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Exchange 2010 Benefits for Law Firms – Part 2 of 3

Joseph Hoegler

2 min read

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Previously, in part 1 of this blog post, I introduced Exchange 2010 and discussed  large mailbox support along with native archiving features.  In this post, I will present native electronic discovery features, retention policies, and legal holds.

Native eDiscovery Features

In previous versions of Exchange, third-party tools were required for even basic multi-mailbox searching and query-based exportation of content from Exchange.  In Exchange 2010, these features are provided natively.  Designated users, for example an HR or compliance officer, can be delegated permissions to search across specific or all mailboxes based on criteria such as sender, recipient, expiration policy, message size, send/receive date, CC/BCC, regular expressions, or Information Rights Management-protected items.  These searches can be applied to e-mail, contacts, calendars, and instant message conversations (if stored in the Conversation History folder) and apply across both the primary and archive mailboxes.

Once a specific query has been defined and results obtained, the discovered content and a completion status update may be sent to either a mailbox or a specific SMTP address  The results are organized per the original folder hierarchy.  The exposure of the API for this functionality may enable robust integration with third-party software for automated processing.

Retention Policies and Legal Holds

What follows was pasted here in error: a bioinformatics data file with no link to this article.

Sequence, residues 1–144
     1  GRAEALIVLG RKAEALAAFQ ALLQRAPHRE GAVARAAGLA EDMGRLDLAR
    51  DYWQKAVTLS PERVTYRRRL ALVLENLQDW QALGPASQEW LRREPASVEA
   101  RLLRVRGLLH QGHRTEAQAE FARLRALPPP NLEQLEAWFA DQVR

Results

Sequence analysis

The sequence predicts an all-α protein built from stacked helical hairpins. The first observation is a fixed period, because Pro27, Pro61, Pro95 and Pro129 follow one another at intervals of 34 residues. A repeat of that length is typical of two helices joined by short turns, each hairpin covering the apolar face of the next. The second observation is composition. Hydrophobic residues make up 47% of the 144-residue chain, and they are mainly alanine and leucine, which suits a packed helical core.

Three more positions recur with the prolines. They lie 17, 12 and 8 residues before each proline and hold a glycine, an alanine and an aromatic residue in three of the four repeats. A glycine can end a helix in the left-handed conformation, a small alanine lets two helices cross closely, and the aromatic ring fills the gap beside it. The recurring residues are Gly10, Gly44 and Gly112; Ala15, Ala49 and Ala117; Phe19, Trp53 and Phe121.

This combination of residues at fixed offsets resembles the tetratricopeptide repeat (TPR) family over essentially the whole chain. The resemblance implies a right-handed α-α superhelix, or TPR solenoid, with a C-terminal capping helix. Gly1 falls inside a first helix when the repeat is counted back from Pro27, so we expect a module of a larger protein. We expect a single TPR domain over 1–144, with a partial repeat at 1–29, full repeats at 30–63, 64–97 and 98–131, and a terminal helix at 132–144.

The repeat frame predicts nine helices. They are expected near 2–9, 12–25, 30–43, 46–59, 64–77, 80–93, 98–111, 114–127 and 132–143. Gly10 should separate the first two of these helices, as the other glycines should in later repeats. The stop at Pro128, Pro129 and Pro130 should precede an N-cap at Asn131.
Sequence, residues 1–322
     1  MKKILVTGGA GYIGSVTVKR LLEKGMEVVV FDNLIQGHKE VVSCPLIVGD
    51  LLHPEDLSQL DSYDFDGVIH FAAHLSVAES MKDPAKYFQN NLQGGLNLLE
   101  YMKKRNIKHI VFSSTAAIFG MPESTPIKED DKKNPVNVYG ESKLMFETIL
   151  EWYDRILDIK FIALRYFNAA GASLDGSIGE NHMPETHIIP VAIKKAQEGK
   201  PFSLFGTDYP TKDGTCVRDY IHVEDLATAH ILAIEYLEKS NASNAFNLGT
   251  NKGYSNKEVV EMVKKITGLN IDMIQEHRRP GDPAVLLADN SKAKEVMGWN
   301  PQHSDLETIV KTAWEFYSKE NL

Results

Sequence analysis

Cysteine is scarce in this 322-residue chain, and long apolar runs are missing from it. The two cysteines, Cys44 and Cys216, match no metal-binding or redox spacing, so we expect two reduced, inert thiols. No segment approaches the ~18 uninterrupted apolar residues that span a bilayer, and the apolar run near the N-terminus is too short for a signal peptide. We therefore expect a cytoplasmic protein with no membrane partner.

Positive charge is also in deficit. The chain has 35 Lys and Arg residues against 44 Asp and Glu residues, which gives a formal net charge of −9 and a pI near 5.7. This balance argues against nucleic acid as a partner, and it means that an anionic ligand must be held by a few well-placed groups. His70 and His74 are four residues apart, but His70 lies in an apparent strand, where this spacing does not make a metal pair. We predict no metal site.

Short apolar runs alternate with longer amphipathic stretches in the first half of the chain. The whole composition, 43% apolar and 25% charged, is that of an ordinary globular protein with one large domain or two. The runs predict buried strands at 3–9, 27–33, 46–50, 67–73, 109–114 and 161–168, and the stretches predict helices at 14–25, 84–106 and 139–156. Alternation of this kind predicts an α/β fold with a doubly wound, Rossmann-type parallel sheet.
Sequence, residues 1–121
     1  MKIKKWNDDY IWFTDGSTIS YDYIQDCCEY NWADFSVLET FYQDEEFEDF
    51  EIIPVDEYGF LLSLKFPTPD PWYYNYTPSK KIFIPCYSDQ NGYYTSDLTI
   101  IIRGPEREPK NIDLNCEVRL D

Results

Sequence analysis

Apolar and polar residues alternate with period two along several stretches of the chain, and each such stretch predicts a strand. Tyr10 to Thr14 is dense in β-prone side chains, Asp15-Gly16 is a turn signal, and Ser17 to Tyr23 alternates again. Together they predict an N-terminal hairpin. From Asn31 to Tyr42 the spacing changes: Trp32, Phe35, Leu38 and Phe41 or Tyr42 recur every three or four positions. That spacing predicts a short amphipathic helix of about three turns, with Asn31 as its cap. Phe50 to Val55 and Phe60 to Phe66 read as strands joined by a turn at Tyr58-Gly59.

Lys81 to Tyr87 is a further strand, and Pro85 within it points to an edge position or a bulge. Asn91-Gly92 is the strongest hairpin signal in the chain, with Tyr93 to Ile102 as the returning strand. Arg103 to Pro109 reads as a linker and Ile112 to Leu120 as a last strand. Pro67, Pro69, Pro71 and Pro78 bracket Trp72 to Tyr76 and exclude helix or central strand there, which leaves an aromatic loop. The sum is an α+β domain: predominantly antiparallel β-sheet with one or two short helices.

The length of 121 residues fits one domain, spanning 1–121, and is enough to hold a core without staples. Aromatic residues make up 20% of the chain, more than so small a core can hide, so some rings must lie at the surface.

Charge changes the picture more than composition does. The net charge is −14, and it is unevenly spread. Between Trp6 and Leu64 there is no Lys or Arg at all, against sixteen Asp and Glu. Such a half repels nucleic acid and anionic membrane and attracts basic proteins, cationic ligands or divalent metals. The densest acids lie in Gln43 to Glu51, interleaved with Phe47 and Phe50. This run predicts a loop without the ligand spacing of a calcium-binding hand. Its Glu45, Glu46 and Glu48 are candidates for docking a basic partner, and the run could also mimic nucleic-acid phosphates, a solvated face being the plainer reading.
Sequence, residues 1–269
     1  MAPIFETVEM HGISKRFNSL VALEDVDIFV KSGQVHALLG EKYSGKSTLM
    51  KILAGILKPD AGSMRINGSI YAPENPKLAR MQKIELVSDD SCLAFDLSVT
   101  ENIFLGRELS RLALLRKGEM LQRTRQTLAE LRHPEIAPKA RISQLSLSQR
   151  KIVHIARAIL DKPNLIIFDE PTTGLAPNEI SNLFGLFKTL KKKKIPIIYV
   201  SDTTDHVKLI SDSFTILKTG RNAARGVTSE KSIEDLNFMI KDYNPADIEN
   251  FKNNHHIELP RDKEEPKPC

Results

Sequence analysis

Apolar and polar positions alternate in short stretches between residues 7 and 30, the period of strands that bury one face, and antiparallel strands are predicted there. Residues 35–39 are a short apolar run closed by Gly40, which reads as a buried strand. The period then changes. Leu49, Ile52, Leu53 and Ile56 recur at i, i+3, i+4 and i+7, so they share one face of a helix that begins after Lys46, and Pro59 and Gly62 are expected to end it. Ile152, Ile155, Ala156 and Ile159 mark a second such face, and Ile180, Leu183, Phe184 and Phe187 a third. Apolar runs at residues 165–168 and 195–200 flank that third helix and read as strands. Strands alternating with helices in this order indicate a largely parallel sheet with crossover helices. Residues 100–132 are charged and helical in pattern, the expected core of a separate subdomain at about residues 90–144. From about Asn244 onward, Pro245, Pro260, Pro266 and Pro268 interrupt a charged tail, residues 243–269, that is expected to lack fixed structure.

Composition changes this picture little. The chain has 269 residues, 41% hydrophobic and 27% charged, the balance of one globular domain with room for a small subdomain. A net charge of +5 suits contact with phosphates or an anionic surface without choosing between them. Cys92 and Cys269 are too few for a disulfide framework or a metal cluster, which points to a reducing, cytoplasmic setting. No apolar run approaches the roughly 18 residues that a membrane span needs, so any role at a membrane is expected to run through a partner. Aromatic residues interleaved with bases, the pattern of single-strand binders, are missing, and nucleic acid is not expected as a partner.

While basic retention functionality has existed for years in the form of mailbox management policies (Exchange 2003) and Managed Folder policies (Exchange 2007), granularity of application was restricted to folders.  With Exchange 2010, retention policies exist that can apply per folder or per individual message.  In addition, these policies can be applied and managed centrally and/or users can be allowed to choose an appropriate retention policy via a convenient drop-down menu.  In addition, if a retention policy applies to a specific item, the user will be notified when the item is set to expire via a notification bar within the item itself.  These policies can be configured to, upon expiration, either delete items or move them to a user’s archive mailbox.  In addition, this functionality can be combined to provide for a true lifecycle of the item by moving it to the archive after some period of time and then deleting it from the archive after a longer period of time.

In addition to the retention functionality described above, a legal or retention hold can now be applied to specific mailboxes.  This allows for an administrator to prevent users from deleting or editing existing items in their primary or archive mailbox for a specific period of time or indefinitely.

In Part 3 of this blog post, I will discuss user-specific HTML disclaimers and MailTips.